Ancient Rome: The Colosseum and the Forum

Panorama of the Colosseum.

The Ancient Romans and their Greek forebears laid the foundation for the Western World to such an extent that I feel a bit silly blogging about ideas and images as immutable as the Colosseum and the Roman Forum. What can I say that hasn’t already been said by greater men than me?

Our second day in Rome was dedicated to the glory days of the Republic and the Empire. From the main Termini station right by our hostel, we took the Rome Metro two stops to the Colosseum station. Emerging from an underground train still reverberating with the rich sounds of a street musician’s saxophone, we spilled out into the crisp city air with the huge amphitheater standing just across the street.

Despite a slight chill and clouds (which later lifted to herald a bluebird day), visiting the Colosseum in December is an excellent time: While there were still quite a few people there, it was empty compared to the deluge of tourists during my last visit in summer 2005.

Amanda and I in front of the Colosseum.

Amanda and I in front of the Colosseum.

Most people know Read More…

Our Roman Holiday

Rather than try to write about events from a few months ago, I will start this blog with Amanda and my Christmas travels. Amanda has already posted about our journey from Billings to D.C. and our first few weeks in Oxford.

We spent 11 days in Italy and 17 in Germany. Italy was a whirlwind of more touristy travel: Our itinerary included Rome, Naples, Pompeii, Florence, Bologna, and Venice. Germany was much more relaxed because we were traveling with Paul and Alice, two of our good friends who are there on Fulbright scholarships.

On the evening of December 11, we flew from London to Rome. From the Fiumicino Airport, we took a Terravision bus to Roma Termini, the main railway station in Rome, with trains, buses, and the subway all intersecting a few mildly seedy blocks from our hostel.

The next morning, we were up early to head to the Vatican Museum. We had reserved tickets online beforehand, so we were able to jump the queue (something I highly recommend doing, even though it costs an extra few dollars).

Amanda just inside the Vatican Museum.

Amanda just inside the Vatican Museum.

After passing through the entrance, we headed through fantastic exhibits on Ancient Egypt; Greek and Roman statues; the oddly interesting Sala degli Animali (Room of Animals); and displays on the Etruscans, the most important pre-Roman Italian civilization.

Funerary mask of Nymaatra.

Funerary mask of Nymaatra.

Etruscan pottery.

Etruscan pottery.

Amanda and

Amanda and Juno.

Read More…

Can I Pay for that Whiskey with Dark Money?

Fly rod and whiskey flask — the perfect Montana combination. Photo courtesy Bozeman Spirits Distillery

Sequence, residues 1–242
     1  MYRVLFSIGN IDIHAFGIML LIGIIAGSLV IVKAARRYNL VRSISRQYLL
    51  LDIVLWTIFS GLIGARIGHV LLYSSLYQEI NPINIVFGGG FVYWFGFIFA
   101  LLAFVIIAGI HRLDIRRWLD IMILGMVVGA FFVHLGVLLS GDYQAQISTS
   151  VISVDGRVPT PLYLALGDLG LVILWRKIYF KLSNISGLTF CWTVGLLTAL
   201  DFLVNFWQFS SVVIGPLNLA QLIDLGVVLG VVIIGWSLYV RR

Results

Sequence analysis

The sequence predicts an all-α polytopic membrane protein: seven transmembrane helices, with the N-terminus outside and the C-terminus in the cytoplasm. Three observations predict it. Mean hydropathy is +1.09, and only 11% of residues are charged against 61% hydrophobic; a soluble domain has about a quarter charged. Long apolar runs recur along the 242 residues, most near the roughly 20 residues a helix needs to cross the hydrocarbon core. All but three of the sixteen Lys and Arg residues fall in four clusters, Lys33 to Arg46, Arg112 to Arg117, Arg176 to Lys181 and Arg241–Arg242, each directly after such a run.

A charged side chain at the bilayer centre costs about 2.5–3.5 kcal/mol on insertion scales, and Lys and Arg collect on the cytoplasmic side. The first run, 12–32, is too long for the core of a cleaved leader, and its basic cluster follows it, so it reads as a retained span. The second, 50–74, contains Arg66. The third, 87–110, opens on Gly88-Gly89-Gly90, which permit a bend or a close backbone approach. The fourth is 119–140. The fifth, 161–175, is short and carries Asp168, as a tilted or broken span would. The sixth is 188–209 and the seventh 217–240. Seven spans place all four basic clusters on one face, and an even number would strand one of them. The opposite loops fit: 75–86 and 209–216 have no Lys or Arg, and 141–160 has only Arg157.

Fly rod and whiskey flask — the perfect Montana combination. Photo courtesy Bozeman Spirits Distillery

By Brent Zundel
For the Bozeman Magpie
August 25, 2013

Author’s Note: This article originally appeared in the Bozeman Magpie. Mr. Art Wittich did not respond to multiple requests for comment until after this piece was published. The piece below has been updated to reflect his statements.

A lawsuit that was filed against the City of Bozeman in June could have wide-ranging impacts on Montana’s burgeoning distillery industry. The law firm of Montana Senate Majority Leader Art Wittich, R-Bozeman, is leading a suit against the City of Bozeman for allowing a new microdistillery to open its doors in Bozeman’s historic downtown.

In May, the Bozeman City Commission approved a conditional use permit that would allow Bozeman Spirits Distillery and Tasting Room to open at 121 West Main Street, the property previously occupied by Schnee’s, a footwear and outdoor clothing retailer. That would put the new distillery within Bozeman’s historic downtown, right next door to the landmark Baxter Hotel. Jim R. Harris, III, is the would-be proprietor of Bozeman Spirits, a man who’s lived in Bozeman for over two decades and helped co-found the popular Outside Bozeman magazine.

Brit Fontenot, Bozeman’s Directory of Economic Development, welcomed the potential addition of a microdistillery to downtown. Read More…

Educating Montana’s Sons and Daughters

Photo by Kate Juedes, MSU Exponent

Photo by Kate Juedes, MSU Exponent

By Brent Zundel
For the MSU Exponent
April 25, 2013

He just deferred a position with Teach For America (TFA) to accept an English teaching position in Germany with the Fulbright Program. His new fiancé is going to Germany with him — on a Fulbright of her own. They both graduated with high honors from the University of Montana in fall 2012.

By all accounts, Paul Asleson and Alice Krebill are exactly the type of people our state needs: intelligent, driven, successful and passionate about educating future generations. Read More…

MSU Confessions: Internet Hate Machine or Community Forum?

The MSU Confessions Facebook page. Photo by Brent Zundel

The MSU Confessions Facebook page. Photo by Brent Zundel

By Pat Hessman and Brent Zundel
For the MSU Exponent
April 18, 2013

“Gotta love being a little drunk in class. So much more willing to answer questions.”

“I don’t get it, all these girls are like I just want a cowboy, but when I ride the electronic horse in the Walmart for an hour none of them come and hit on me.”